Experts: Fear leads to overcrowding at PPV centres

KUALA LUMPUR: The high number of people turning up at vaccine dispensing centres (PPV) to “try their luck” boils down to a fear of missing out on the vaccination amid their anxiety over the rising number of Covid-19 cases, say public health experts.

“This is real in many places, ” said Malaysian Public Health Physicians Association president Datuk Dr Zainal Ariffin Omar(pic), referring to the large crowds at the four centres in the Klang Valley.

He also spoke about a sense of distrust in authorities among some people.

For example, he said that these people tend to listen to rumours and would thus bank on any window of opportunity, “even the smallest one”.

“Currently, the rumour is that about 20% to 30% of people would default on their appointment. And the people, being not trusting, can’t wait for their name to be called although they have registered and are on the waiting list.

“I was on the waiting list and I saw people come and cry when they couldn’t get it while waiting at the centre, ” he said, adding that the authority has to do something to address this trust issue.

Universiti Malaya professor of occupational and public health Prof Dr Victor Hoe said it was an act of desperation stemming from the fear of contracting Covid-19.

“Many who have registered for the vaccine have not received any response and the information on those who are eligible is also not clear.

“People are feeling helpless and it’s sad that the situation has evolved to this stage, ” he said.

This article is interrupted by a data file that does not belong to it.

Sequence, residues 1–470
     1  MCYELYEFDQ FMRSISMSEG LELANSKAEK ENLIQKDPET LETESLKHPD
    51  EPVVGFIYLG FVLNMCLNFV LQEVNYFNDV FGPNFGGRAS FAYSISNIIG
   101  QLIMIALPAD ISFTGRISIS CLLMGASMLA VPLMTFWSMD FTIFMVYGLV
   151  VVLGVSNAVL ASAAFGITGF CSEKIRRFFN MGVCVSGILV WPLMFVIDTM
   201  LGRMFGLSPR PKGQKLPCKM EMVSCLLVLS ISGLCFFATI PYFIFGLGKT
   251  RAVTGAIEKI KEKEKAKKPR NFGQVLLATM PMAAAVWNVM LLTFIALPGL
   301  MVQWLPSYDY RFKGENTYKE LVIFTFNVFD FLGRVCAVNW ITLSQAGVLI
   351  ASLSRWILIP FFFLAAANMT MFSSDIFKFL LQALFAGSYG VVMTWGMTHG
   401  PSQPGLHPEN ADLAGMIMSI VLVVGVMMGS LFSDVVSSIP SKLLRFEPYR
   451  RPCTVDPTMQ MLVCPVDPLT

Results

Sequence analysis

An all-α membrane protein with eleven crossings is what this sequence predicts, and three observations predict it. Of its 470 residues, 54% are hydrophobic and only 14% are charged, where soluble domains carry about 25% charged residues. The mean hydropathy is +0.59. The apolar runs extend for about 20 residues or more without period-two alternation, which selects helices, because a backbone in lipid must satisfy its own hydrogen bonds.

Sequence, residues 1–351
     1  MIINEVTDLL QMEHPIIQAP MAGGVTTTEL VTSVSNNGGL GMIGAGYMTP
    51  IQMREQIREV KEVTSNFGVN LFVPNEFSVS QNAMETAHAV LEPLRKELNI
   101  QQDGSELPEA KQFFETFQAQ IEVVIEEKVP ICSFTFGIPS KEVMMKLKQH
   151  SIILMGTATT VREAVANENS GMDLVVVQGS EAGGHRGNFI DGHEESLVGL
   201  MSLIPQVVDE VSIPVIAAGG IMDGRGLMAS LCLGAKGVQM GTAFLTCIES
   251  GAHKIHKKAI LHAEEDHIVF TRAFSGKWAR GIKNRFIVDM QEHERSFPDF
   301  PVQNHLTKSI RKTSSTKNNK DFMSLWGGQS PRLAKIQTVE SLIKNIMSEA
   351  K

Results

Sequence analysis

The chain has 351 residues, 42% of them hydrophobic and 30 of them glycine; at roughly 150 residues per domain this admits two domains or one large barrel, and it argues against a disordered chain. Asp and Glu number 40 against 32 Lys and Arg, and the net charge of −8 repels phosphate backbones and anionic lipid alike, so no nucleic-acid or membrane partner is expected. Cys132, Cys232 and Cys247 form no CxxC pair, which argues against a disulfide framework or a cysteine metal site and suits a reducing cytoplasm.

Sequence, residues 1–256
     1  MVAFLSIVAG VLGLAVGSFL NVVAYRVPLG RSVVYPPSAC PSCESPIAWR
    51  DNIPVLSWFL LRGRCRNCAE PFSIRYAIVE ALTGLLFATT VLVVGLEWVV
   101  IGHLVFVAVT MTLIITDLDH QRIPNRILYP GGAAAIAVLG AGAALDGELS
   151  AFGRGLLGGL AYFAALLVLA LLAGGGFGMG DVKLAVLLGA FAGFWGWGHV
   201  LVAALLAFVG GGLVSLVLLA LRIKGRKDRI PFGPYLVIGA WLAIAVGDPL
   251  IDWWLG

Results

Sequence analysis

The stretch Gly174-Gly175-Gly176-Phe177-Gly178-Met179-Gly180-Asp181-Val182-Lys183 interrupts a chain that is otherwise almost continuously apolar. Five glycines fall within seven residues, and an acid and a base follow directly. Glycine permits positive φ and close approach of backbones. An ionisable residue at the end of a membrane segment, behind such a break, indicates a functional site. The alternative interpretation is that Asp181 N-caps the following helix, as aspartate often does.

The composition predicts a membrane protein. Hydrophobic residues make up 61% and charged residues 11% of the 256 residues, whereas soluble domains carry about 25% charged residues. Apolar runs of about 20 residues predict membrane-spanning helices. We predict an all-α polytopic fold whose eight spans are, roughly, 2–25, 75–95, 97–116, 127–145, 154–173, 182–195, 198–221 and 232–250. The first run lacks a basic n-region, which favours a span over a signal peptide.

Prof Hoe said the government should review how it communicates with the public on the latest Covid-19 situation and vaccination status, such as weekly updates at the district level and the upcoming plan.

He also called on elected representatives to stop politicking and start working for their constituents as a united front to “reduce the people’s anxiety and fear and discourage them from flocking to the vaccine centres.

“People should not flock to the vaccine centres. Instead, contact your state representatives and get the latest information on the vaccine rollout in your area, ” he added.

Universiti Malaya professor of epidemiology and public health Prof Dr Sanjay Rampal said Malaysians must have faith that the National Covid-19 Immunisation Programme will benefit all.

“The system prioritises those at higher risk, but every adult Malaysian will have the opportunity to receive the vaccine. We have to trust the system and wait for our turn.

“It is advisable not to crowd outside these centres as the system would contact and verify the attendance of all those at the vaccine centres, ” he said.

Social activist Kuan Chee Heng, who runs a charity ambulance service, also discouraged people from converging at these centres to “try their luck” to get vaccinated earlier.

“There are people dying of the virus and we must be vigilant. It is improper to converge at the vaccine centres because every dose is being accounted for.

“They will disturb the flow of the vaccination process and may even create a cluster. Let’s not make things worse, ” said Kuan, The Star’s Golden Hearts award winner better known as Uncle Potato.

He also noted that Malaysians must be patient in “fighting a war we can win by sitting down”.

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